Of the announced issues, here are the ones you should be most concerned about:
- MS07-024 and MS07-025 -- Vulnerabilities in Microsoft Office Could Allow Remote Code Execution
4 vulnerabilities affecting mostly Microsoft Word, but also all other applications in the Office suite could be used to compromise your computer if you were to open a malicious Office document. Important to note is that Microsoft Word Viewer and Microsoft Office on the Mac are also vulnerable. It almost goes without saying that you should never open office documents from untrusted sources. And remember, those e-mail forwards from your good friend didn't start with your friend and should be looked at with just as much suspicion as if they came from a total stranger.
- MS07-026 -- Vulnerabilities in Exchange Server Could Allow Remote Code Execution
If you run Exchange Server to handle your mail, you need to update it now. There are four separate issues including two Denial of Service (specially crafted e-mail will cause the mail server service to hang or quit), one "information leakage" and one remote code execution.
The first concern is the remote code execution. This vulnerability relates to malformed MIME-encoded attachments.
We aren't aware of any exploits at this time and details are still scarce, but that could change very quickly.
The second concern is the "information leakage." E-mails sent with attached HTML files can cause problems for people using Outlook Web Access -- Microsoft's web-based e-mail reader. Essentially, a malicious script could be run in a trusted context and used to steal login credentials, e-mails, and more. This is a cross-site scripting vulnerability and has been shown in similar cases to be a pretty serious breach of security even though it doesn't allow remote code execution.
- MS07-027 and MS07-028 -- Internet Explorer Multiple (Six) Remote Code Execution Vulnerabilities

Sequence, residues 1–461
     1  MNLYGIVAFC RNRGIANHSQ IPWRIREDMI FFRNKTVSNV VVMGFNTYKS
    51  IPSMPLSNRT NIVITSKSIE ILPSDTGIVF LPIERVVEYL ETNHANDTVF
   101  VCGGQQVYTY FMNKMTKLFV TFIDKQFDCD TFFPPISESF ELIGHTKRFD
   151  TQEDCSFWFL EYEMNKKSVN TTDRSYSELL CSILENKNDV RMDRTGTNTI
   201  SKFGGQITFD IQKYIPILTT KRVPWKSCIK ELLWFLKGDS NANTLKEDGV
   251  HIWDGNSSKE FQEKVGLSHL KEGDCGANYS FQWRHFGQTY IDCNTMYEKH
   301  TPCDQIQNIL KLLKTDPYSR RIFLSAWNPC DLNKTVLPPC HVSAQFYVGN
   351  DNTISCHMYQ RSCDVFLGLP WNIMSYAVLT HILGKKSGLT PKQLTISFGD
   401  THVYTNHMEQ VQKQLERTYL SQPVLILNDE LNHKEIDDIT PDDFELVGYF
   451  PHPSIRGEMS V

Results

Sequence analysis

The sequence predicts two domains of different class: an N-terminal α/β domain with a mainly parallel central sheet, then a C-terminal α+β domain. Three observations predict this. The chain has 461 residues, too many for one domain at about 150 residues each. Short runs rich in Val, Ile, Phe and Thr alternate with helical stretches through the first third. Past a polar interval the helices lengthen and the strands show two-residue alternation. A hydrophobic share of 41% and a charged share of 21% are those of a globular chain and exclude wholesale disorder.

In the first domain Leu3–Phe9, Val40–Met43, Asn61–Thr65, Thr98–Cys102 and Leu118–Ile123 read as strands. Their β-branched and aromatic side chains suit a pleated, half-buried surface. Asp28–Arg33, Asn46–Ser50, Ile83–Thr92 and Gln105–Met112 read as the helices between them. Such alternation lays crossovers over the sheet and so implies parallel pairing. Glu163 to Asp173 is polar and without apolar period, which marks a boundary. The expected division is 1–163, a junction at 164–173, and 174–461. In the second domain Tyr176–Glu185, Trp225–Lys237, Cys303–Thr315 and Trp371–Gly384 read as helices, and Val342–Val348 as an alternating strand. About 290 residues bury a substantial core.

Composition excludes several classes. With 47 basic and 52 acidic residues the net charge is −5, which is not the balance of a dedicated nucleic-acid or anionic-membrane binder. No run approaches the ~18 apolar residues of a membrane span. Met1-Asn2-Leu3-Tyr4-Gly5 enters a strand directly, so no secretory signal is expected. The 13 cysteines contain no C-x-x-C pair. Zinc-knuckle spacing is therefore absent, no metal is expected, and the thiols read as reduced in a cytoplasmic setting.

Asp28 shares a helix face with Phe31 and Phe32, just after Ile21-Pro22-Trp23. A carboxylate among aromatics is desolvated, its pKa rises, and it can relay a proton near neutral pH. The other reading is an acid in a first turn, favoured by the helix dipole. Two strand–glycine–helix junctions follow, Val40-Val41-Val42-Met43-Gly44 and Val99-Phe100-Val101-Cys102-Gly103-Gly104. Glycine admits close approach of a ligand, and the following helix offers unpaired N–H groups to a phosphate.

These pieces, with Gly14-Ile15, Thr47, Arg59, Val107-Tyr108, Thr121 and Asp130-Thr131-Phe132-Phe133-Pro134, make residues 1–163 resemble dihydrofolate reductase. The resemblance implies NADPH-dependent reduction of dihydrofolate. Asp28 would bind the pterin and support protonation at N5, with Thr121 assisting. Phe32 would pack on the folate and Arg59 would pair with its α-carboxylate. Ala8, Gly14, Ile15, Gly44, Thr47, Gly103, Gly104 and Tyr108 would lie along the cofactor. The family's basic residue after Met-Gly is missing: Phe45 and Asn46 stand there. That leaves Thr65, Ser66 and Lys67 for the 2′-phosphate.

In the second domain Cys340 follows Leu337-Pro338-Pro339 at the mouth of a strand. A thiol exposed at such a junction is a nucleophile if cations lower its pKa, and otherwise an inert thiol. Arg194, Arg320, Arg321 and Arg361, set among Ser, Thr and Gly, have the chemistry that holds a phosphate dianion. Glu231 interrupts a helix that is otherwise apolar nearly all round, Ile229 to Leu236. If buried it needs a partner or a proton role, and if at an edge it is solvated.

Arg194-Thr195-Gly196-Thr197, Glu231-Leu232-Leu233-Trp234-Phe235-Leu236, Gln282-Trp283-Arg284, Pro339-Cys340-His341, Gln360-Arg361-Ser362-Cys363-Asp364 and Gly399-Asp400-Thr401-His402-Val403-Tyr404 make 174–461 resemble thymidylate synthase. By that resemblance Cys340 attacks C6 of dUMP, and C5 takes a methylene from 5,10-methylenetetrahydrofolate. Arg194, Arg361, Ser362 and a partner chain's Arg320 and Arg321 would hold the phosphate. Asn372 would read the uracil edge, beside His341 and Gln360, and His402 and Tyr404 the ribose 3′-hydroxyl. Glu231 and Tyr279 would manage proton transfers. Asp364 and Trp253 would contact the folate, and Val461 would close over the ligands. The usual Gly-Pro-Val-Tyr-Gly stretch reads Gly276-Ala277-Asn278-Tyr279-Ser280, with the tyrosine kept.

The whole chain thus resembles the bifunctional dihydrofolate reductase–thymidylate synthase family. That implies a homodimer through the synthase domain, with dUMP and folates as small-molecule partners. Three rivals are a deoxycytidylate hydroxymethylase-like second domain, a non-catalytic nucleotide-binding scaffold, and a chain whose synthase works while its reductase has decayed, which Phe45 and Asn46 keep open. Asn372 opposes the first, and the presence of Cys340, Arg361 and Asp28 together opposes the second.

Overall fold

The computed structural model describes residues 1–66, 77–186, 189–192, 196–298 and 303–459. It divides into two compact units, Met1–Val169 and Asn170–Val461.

This is the bread and butter of these Patch Tuesdays: Internet Explorer issues. And despite IE7's enhanced security, it is vulnerable to most of these issues as well. As usual, ActiveX objects are the culprit. Microsoft wanted to allow website designers to be able to write full Windows applications and have them run inside Internet Explorer to create a "rich" web experience. Unfortunately, in doing this, Microsoft made two mistakes: every software component on Microsoft systems can be accessed by a web site. This means that software that wasn't intended to be run in Internet Explorer can be and in many of these cases there are exploitable bugs in the software.
The usual way to deal with this is to explicitly disable specific ActiveX objects by using their "kill bits." Microsoft has a Knowledge Base article with instructions. Also, you can use the Group Policy Editor to set the kill bits on your entire domain. Here are the recommended "kills" from this batch up updates:
CLSID DLL Comments D4FE6227-1288-11D0-9097-00AA004254A0 msdauth.dll Windows Media component BE4191FB-59EF-4825-AEFC-109727951E42 chtskdic.dll 17E3A1C3-EA8A-4970-AF29-7F54610B1D4C CAPICOM Provides encryption capabilities to programmers. FBAB033B-CDD0-4C5E-81AB-AEA575CD1338 CAPICOM
Note that there are vulnerabilities being patched here that cannot be addressed by setting these kill bits, so your best bet is to upgrade as soon as possible. But still create policies in the Group Policy Editor in case an unpatched machine finds its way onto your network.
- MS07-029 -- Vulnerability in Windows DNS RPC Interface Could Allow Remote Code Execution
We first mentioned this flaw -- and the exploits circulating in the wild -- on April 13th. The flaw has received a lot of press, but isn't a concern for most people. Only Microsoft-based DNS servers running on the Internet without any kind of firewall on them or between them and the Internet are susceptible to an external attack. And if a worm taking advantage of this exploit got into a local network, it would likely not be able to compromise more than one machine. Despite that disclaimer, its a serious bug that could allow someone to take full control of one of your servers, so this patch is here none too soon. For mitigation details, see our post from above referenced post.
Bottom line: it's time to update your Windows machines using Windows Update or Microsoft Update. And as always, make sure your intrusion prevention, firewall, and anti-virus products are up-to-date.
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